Tag Archives: writers

Oh, the People You’ll Meet

By J.A. (Julie) Kazimer

It’s conference time. In less than two weeks I’ll be joining a mess of fellow RMFW writers for the annual Colorado Gold Conference. Over the next week, you’ll get plenty of conference tips and how-to’s on this blog. Read them. Learn from others mistakes and triumphs. And most of all have a great time.

Today’s blog isn’t about conference going, but rather about the people you’ll meet along your publishing journey. The first conference I went to was in 2007. At these things you’ll meet plenty of other writers in very similar circumstances and places in their journey to publication. A bonus hardly anyone thinks about when faced with big-time agents and editors and the possibility of publication.

Don’t make the same mistake.

Yes, it is exciting and terrifying to meet with the gatekeepers who might hold your fate in their manicured hands. But these aren’t the most important people at a conference. Your fellow writers are. These are the people who will support your career in its various forms. These are the people who will provide reviews, blurbs, advice, and buy your books. These are the people you can call at 2am when you’re trapped in a scene or realized you killed off the wrong character 20 chapters ago.

In my 7 years attending RMFW’s conference, I’ve come to know a lot of my fellow writers. Some with publishing deals that make me want to stab them with my desert fork (which is why the hotel often serves desert with a spoon) and others just starting out who think I’m cool because my books are in print (these one’s quickly realize their mistake, but I usually have them captured by spoon point by then).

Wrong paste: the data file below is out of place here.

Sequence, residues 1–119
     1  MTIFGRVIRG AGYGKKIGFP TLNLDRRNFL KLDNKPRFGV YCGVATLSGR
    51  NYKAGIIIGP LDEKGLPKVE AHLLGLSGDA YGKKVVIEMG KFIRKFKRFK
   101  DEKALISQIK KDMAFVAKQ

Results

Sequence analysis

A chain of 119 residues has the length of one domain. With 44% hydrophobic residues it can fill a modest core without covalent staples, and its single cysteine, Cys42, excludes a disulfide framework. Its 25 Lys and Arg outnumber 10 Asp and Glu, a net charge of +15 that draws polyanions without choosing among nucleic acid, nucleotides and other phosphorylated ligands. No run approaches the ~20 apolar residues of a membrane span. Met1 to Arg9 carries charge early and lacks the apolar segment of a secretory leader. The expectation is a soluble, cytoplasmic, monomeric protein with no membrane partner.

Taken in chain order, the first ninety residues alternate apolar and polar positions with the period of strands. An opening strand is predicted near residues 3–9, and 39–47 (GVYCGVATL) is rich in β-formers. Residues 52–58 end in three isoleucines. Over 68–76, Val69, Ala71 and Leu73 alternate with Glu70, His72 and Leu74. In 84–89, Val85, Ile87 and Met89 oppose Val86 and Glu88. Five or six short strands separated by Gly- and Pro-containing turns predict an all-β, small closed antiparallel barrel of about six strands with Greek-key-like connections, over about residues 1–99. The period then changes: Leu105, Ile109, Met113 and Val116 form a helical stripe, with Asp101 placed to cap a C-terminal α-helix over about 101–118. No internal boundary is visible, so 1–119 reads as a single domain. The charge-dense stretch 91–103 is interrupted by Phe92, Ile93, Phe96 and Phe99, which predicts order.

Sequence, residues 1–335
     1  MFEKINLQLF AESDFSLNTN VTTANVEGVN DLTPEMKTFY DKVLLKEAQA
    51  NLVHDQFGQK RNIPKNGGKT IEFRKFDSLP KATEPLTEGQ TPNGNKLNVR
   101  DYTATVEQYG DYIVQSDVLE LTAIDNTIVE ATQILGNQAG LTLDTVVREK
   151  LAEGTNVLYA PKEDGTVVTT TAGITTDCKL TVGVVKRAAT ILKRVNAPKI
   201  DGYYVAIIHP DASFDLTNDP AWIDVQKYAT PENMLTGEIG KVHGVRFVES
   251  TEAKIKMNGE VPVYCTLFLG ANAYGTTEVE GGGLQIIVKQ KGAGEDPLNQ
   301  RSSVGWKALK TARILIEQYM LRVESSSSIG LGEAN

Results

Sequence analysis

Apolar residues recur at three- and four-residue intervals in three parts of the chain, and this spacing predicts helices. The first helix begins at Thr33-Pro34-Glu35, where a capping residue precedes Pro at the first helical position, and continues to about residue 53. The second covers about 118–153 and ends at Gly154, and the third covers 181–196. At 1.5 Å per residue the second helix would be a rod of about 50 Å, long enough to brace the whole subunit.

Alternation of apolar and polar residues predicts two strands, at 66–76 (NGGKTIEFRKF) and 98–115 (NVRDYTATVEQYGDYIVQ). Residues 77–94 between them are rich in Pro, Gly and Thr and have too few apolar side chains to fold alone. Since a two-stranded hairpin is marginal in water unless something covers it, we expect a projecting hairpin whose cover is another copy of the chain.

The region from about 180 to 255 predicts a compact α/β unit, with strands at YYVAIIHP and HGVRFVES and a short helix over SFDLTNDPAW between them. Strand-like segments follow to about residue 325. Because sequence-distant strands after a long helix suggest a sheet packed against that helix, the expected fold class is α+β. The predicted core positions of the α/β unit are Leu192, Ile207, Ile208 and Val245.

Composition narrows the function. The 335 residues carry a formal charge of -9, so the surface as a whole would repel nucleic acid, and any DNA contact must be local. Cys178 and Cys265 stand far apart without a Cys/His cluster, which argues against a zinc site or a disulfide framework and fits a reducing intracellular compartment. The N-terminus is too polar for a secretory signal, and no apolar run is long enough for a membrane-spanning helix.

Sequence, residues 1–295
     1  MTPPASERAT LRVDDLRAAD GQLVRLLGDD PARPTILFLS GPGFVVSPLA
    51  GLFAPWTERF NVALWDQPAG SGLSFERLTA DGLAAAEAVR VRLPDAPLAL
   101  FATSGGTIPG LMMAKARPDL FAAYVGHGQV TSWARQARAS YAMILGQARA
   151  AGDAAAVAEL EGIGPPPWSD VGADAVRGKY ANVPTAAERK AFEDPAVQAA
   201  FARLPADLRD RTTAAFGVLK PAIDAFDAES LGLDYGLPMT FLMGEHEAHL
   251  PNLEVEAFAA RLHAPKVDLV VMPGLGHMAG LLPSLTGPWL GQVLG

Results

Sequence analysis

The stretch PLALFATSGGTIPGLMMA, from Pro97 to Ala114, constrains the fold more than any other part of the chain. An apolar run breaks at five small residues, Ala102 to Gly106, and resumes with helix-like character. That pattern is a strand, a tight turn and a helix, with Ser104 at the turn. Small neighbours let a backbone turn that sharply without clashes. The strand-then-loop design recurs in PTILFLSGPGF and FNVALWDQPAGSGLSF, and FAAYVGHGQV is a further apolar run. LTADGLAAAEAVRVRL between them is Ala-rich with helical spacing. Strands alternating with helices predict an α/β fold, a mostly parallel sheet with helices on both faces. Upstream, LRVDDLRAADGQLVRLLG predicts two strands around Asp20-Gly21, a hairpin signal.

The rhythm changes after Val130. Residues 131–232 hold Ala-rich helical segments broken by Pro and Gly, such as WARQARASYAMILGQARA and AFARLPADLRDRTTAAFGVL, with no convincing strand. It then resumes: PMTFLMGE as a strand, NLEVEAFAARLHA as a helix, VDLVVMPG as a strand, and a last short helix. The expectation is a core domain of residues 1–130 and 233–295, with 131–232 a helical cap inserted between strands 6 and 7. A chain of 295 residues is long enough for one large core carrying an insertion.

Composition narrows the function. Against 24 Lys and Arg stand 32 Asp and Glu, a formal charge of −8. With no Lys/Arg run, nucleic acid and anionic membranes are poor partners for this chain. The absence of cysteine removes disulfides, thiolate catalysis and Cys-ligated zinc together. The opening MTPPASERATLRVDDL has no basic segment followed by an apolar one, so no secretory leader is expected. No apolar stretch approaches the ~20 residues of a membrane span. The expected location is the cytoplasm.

Over the years I’ve been lucky enough to see the people I started out with (in roughly the same place in our journeys) achieved great things. I look forward to hearing their stories or knowing, if you try hard enough and don’t give up, you can be a working writer.

To those of you attending your first conference, welcome. And please make sure to stop me and say hello. I want to know your story. I want to feel your excitement. I want to suck it from your bone marrow like a vampire (which is the best way to stay in the industry).

For those of you who I’ve met before, thank you for sharing your stories, and being a part of what makes the CO Gold Conference fun.

Looking forward to seeing everyone!

If you have a moment, please friend me on facebook or visit my website at www.jakazimer.com.

Making a Big Deal Out of It

As writers, we spend a lot of time beating ourselves up. That story wasn’t good enough, we didn’t finish it on time, it didn’t sell to our market of choice, it got a bad review, I’m just not happy with it… etc. etc. Too often, we forget what a monumental undertaking writing is in the first place. How many people say they’re going to write a book and never even set hands to keyboard? How many people get started but don’t stick with it? I propose that today, at the start of the Christmas season, we start thinking about how to reward ourselves for our accomplishments instead of letting them fall away in the stew of self-criticism and all the pressure we put on ourselves.